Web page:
It's the middle of July and many Americans are still crying out for the United States Senate to pass another stimulus check — and with good reason. The coronavirus pandemic has the U.S. in disarray, from the economy to public health and everywhere in between. With the policies and impacts of the last stimulus package waning, people have plenty of reason to demand another round of aid from lawmakers.
The coronavirus pandemic is on the rise in the U.S., with new cases, hospitalizations and deaths rising every day. This global tragedy is having ripple effects on the U.S. economy, with businesses either closing preemptively or weathering the virus as long as they can. These circumstances have left millions unemployed while also creating vacuums in various industries where vital services are no longer being offered. All the while, Americans are still expected to pay for housing, food and other essentials.
To combat these effects, the U.S. Congress passed the CARES Act back in March — a $2.1 trillion spending bill that included a stimulus check worth up to $1,200 for individual taxpayers. It also gave huge grants or loans to big corporations, provided protections for small businesses and enhanced unemployment payments so that they could be more sustainable for families.
While many of those efforts were valid, the long-term nature of the pandemic means that some are running out, and they need to be renewed for the U.S. to hang on. Some, such as the enhanced unemployment payments, are set to expire at the end of this month, and recipients are desperate for lawmakers to extend these programs as the virus continues to worsen.
In the spring, some lawmakers proposed even bigger spending packages than the CARES Act, calling for a bigger stimulus check for the American people. Congress ended up passing the HEROES Act, which would have provided a nearly identical stimulus check to the first, but the Senate has not considered the bill. Now, Republican leader Mitch McConnell says that the next stimulus check will be designed by his office, and will likely be worth less than the first.
Whatever the parameters, Americans are becoming desperate for something to buoy them through these unprecedented times. Here is a breakdown of the web of reasons people are calling so urgently for another stimulus check.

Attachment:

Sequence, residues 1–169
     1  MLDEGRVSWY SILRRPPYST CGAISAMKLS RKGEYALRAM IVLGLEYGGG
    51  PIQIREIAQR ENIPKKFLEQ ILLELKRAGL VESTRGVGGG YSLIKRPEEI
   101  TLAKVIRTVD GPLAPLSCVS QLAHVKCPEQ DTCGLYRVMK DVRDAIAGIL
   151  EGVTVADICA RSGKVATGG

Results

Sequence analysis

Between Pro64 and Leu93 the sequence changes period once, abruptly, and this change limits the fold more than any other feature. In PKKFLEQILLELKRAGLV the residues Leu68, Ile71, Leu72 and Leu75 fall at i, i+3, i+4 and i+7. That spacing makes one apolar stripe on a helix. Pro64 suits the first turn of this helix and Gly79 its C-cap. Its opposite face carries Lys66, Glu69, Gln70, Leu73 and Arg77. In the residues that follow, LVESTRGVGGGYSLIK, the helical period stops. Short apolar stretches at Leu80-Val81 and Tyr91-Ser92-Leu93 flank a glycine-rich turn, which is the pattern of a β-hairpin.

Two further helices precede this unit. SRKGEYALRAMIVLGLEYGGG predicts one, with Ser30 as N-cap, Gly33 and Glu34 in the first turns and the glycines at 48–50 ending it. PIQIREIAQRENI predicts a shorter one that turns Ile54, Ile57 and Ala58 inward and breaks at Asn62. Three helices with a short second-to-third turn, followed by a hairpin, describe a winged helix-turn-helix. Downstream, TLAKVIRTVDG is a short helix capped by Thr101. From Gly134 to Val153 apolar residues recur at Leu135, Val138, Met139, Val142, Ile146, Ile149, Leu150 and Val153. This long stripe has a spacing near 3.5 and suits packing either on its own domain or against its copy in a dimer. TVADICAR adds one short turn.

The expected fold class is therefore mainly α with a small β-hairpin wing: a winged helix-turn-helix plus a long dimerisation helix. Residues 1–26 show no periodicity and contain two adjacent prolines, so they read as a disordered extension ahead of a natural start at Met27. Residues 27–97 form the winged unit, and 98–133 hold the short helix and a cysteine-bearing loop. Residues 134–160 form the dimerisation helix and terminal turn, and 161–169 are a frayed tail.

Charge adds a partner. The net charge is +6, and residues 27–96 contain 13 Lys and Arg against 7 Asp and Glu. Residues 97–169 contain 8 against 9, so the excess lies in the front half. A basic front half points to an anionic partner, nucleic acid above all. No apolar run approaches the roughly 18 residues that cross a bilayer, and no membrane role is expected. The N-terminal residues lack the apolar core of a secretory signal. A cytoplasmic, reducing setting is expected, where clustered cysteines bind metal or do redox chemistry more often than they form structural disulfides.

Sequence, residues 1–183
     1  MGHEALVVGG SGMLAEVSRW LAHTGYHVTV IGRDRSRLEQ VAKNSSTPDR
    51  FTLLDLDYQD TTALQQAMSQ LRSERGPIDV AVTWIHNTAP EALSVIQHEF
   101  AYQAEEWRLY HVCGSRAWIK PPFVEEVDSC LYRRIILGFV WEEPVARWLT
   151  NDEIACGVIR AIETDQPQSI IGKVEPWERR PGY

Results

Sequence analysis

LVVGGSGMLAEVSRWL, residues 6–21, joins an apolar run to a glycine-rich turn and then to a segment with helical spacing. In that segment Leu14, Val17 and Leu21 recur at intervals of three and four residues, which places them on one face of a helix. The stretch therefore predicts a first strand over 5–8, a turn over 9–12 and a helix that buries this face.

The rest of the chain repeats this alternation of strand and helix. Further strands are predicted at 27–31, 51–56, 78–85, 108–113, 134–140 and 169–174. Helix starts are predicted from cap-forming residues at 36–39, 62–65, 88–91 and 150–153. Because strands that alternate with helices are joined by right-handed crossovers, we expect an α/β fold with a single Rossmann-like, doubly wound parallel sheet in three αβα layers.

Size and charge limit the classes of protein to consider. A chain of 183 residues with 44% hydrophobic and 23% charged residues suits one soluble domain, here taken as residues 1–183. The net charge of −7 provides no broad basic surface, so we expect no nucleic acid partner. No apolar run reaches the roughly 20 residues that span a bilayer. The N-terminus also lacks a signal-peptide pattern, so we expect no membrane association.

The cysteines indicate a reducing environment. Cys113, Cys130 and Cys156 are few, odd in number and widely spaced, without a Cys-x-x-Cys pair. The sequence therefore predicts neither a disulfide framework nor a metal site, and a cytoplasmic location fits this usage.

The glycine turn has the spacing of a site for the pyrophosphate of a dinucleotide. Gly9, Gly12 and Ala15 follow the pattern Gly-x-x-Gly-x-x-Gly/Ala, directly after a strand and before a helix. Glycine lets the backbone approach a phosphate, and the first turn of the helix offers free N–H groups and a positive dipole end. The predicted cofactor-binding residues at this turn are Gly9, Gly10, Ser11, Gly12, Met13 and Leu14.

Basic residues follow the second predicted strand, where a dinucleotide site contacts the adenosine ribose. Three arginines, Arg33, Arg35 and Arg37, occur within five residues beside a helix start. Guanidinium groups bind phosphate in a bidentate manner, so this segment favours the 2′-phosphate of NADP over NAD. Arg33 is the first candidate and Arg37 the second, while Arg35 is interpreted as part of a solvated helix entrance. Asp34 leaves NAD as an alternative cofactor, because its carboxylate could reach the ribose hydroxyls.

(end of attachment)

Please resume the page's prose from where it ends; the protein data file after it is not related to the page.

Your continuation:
The coronavirus pandemic caused a surge in layoffs and unemployment claims back in March as public spaces closed altogether to mitigate the spread of the virus. Now, the statistics are becoming more nuanced, but much analysis shows that they are not getting much better. According to a report by Five Thirty-Eight, the unemployment rate in the U.S. is now beginning to fall slowly, but the number of people out of work permanently is likely on the rise.
The initial wave of coronavirus cases in the U.S. led to furloughs, in many cases, or temporary layoffs with the hope of hiring workers back. In states that have tried to reopen, some people have gone back to work, and many have already gotten sick by doing so. Left to fend for themselves, some businesses have floundered in this fearful climate, and a fluke emergency has turned into a permanent closure.
The Bureau of Labor Statistics is reportedly working hard to clarify these kinds of statistical misrepresentations and gain a clearer picture of the U.S. economy. It has already discovered widespread misclassification of layoffs as "temporary" when they are most likely permanent. Many Americans that look like they're doing alright on paper are in need of more assistance.prevnext
Unable to Work
There are also the cases of Americans who are unable to work during the coronavirus pandemic — either because they are sick, recovering or are in a high-risk category that prevents them from going out. As noted above, some people also went back to work at public spaces only to have those businesses close shortly after re-opening due to infections in the staff, lack of customers or some combination of the two.
Whether they can't work or they have nowhere to work, millions of Americans who typically power the leisure, service and hospitality industries are stuck in limbo right now, according to a report by Fortune. These people are counting on unemployment and stimulus to see them through to the development of a coronavirus vaccine.prevnext
Unemployment Enhancement Expiring
It is not controversial to say that the CARES Act's unemployment enhancement provision should be extended past its July 31 deadline, according to a new poll by Yahoo Finance. It found that the majority of Americans want to see this program extended to the end of the coronavirus pandemic.